“I’m surprised sometimes that I’ve written anything. And the school librarian took a special interest in me. She encouraged me by saying that someday I should write for children. It seemed like a good idea.”
Beverly Cleary was born in McMinnville, Oregon, and, until she was old enough to attend school, lived on a farm in Yamhill, a town so small it had no library! After graduation from the University of California at Berkeley, Mrs. Cleary entered the School of Librarianship at the University of Washington, Seattle. She was Children's Librarian in Yakima, Washington, until she married Clarence Cleary and moved to California. The Clearys are the parents of twins, now grown. Mrs. Cleary's books have earned her many prestigious awards, including the 1984 John Newbery Medal for Dear Mr. Henshaw, for the most distinguished contribution to American literature for children in 1983. Her Ramona and Her Father and Ramona Quimby, Age 8 were named 1978 and 1982 Newbery Honor Books.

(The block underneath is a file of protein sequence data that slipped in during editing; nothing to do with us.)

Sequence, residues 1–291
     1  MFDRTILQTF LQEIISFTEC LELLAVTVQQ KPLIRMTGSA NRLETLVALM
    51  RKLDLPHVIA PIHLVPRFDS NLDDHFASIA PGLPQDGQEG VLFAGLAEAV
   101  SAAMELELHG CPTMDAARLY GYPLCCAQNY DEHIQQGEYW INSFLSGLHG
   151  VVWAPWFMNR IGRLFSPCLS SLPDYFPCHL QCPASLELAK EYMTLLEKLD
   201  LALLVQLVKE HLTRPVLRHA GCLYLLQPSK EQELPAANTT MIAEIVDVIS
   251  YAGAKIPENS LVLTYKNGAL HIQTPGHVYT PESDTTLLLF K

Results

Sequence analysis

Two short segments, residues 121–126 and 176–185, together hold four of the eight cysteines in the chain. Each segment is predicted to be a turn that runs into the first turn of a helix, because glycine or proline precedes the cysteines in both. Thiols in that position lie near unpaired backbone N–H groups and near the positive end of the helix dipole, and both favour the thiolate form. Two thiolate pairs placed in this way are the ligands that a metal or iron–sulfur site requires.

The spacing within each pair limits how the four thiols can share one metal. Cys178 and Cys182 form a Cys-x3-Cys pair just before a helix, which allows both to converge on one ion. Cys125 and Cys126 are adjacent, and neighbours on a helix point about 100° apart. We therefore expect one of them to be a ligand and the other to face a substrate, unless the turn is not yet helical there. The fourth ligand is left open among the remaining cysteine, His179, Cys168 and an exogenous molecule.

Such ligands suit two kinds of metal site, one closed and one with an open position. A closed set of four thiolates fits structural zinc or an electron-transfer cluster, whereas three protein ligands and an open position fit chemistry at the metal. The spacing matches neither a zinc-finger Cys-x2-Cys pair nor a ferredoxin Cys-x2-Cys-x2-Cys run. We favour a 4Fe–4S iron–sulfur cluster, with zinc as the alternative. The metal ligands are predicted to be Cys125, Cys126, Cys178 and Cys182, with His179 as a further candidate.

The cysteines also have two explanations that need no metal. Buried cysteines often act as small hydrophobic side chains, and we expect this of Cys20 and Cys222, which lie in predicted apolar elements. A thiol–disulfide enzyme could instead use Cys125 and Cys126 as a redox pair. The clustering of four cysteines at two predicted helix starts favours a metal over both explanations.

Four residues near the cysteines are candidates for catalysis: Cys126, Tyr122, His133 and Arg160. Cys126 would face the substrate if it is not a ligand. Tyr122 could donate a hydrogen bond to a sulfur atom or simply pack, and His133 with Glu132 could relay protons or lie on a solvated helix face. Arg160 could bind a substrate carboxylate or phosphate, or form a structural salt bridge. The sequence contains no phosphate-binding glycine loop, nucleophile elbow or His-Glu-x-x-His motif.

Born April 12, 1916, in McMinnville, OR;
Education: Chaffey Junior College (Ontario, CA), A.A., 1936; University of California--Berkeley, B.A., 1938; University of Washington--Seattle, B.A. (librarianship), 1939.
Addresses: Home: Carmel, CA. Agent: c/o Author Mail, HarperCollins Children's Books, 1350 6th Ave., New York, NY 10019.
"I see pictures. . . . I have no idea whether this is the usual way of writing stories, still less whether it is the best. It is the only one I know: images always come first."